It's a busy week under the gold dome. The Governor's oil and gas task force, which was charged with trying to harmonize local oil and gas regulations with statewide interests will soon be wrapping up. Many lawmakers have been holding off on introducing oil and gas legislation until the commission finishes its work.
A debate on drones - one that does not fall along party lines - will get a hearing in the Senate Tuesday. For thoughts on what's happening at the capitol, talked to some of the reporters who work there daily.
Colorado's farms and ranches produce more than $7 billion in goods each year.
Credit Jessica Reeder / Flickr - Creative Commons
Colorado has a new agriculture commissioner: Don Brown, a Yuma County farmer who raises beef cattle and grows corn. Governor John Hickenlooper tapped Brown for the position following the retirement of former commissioner John Salazar.
The City of Fort Collins is set to file an opening brief in its appeal of a fracking moratorium struck down in 2014 by a state judge. The February 6 deadline for the filing marked an early step in a case whose final decision likely will not come for several months, said the city's attorney's office.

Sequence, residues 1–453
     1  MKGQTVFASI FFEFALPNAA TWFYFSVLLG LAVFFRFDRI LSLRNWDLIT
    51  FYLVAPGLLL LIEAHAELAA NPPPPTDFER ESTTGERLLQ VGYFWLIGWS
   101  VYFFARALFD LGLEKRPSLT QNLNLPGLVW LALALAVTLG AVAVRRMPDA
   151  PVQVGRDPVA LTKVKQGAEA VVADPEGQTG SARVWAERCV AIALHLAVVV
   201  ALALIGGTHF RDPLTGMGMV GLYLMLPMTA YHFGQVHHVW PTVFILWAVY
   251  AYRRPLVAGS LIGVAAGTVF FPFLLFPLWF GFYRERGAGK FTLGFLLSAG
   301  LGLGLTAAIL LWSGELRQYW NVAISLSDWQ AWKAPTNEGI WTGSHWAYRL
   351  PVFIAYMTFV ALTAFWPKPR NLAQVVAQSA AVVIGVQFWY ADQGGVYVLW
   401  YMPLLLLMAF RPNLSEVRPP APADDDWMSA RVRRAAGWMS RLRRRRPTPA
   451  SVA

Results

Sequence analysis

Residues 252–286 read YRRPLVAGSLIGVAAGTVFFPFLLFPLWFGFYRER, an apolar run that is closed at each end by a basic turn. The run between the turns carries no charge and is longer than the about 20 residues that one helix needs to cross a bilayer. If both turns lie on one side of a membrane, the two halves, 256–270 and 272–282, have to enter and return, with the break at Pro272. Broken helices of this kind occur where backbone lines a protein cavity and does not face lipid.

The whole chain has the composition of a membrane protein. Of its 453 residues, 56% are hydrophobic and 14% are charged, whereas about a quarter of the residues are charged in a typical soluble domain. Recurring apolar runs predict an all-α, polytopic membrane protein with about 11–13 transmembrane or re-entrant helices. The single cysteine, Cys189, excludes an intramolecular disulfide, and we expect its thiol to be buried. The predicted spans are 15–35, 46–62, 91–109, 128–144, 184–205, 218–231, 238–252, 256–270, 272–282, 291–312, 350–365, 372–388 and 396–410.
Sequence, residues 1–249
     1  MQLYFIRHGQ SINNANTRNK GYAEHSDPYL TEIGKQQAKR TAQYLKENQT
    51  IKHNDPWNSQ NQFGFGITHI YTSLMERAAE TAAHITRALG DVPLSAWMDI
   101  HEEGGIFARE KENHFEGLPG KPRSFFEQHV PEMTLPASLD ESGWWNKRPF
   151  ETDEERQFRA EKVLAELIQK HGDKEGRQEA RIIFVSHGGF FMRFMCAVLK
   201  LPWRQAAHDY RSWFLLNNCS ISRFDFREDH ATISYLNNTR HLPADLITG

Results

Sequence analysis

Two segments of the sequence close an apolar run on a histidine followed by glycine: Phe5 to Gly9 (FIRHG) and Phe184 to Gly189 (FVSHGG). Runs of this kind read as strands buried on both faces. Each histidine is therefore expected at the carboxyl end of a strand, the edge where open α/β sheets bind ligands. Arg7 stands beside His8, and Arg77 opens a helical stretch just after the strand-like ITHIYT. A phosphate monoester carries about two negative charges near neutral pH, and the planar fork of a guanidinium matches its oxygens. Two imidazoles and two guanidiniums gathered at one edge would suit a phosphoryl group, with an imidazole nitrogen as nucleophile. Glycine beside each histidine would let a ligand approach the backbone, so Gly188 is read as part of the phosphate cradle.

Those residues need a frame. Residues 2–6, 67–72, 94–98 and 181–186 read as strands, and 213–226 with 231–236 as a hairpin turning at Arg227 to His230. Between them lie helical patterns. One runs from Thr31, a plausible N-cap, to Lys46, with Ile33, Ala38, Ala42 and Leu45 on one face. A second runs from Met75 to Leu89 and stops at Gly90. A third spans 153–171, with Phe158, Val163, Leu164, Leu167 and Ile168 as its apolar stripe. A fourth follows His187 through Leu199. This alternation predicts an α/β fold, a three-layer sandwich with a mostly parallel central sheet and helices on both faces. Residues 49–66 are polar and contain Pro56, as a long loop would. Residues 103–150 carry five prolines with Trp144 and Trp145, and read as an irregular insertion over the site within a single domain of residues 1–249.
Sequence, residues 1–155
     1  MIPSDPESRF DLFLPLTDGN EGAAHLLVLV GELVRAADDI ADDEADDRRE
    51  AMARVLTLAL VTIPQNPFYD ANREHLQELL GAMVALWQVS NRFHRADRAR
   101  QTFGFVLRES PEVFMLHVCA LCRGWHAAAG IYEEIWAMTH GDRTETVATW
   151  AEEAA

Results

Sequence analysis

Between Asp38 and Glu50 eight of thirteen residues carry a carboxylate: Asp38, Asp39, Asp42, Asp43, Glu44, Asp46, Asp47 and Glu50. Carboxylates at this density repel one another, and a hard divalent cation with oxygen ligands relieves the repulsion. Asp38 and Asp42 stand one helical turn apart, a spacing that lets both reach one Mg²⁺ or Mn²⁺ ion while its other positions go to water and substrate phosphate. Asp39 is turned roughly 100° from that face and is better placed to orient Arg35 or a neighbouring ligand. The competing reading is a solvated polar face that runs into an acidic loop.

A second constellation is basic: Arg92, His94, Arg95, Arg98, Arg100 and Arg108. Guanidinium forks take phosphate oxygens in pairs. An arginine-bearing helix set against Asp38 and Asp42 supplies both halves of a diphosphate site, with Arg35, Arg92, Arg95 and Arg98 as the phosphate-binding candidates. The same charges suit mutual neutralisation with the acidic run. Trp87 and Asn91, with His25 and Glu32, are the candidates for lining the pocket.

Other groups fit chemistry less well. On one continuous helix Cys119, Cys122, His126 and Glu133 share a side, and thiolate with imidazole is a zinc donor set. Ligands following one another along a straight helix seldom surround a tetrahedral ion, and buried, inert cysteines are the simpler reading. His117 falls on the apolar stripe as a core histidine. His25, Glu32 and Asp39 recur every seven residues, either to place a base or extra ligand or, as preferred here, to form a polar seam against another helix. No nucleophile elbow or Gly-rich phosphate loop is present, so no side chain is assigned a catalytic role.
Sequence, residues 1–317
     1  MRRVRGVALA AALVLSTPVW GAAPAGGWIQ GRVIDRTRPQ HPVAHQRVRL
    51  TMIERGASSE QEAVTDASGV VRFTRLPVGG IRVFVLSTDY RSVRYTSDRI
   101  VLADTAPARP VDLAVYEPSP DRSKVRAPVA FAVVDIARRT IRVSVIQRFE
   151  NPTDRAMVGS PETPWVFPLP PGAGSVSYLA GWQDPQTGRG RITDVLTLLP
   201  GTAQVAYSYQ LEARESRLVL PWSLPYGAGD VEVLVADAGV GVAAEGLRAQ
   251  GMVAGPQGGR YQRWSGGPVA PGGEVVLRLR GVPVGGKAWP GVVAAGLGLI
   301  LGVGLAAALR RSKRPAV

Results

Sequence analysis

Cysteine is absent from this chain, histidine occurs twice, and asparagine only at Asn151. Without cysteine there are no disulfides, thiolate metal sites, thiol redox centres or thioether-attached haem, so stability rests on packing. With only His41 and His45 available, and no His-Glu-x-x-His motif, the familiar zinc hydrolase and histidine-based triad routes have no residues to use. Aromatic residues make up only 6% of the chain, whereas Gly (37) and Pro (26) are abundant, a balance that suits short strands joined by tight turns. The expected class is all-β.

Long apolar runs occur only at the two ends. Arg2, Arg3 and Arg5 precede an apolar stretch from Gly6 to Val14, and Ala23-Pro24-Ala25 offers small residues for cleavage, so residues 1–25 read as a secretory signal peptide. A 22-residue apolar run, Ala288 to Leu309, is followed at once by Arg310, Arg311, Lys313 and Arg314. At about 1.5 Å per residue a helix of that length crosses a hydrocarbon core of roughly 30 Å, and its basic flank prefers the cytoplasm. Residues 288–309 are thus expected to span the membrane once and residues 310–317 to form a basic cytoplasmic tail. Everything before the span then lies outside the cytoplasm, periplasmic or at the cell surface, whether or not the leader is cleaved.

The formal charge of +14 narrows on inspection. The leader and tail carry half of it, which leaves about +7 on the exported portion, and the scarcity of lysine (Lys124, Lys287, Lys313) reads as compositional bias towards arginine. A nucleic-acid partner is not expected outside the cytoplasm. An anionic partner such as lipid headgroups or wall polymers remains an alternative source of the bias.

The Fort Collins case is just one of many bans or moratoriums passed, sued over, and struck down since 2012, when Longmont became the first Colorado town to institute a ban on hydraulic fracturing. As new bans are passed and lawsuits against those votes have wound their way through the courts, it's become a little difficult to keep track of the standing of various bans and moratoriums.
For reference, KUNC has put together a chart tracking the status of drilling or fracking bans or moratoriums in Northern Colorado.
Paring their list of recommendations down from 56 to about 40, Colorado's 21-member Oil and Gas Task Force has just one more meeting to make final decisions to meet an end of the month deadline. Their recommendations [.pdf] range from hiring more staff at oil and gas regulatory agencies to requiring greater disclosure of chemicals used in the fracking process.
Eric Ewing once described his family's two acre plot on the rural Northern Colorado plains as heaven on earth. Now however, Ewing's household is surrounded by the unmistakable signs of oil and gas production - a large new processing facility, clusters of wells and tanks, even a recently drilled well 650 feet from his home.
"It feels like I live in a factory now," he said.
Ewing's concerns about noise, air pollution and quality of life impacts are exactly what Governor Hickenlooper's Oil and Gas Task Force is trying to appease. The group was created as part of a deal to avoid a handful of competing oil and gas ballot measures. But, time is running out for the group to submit policy recommendations.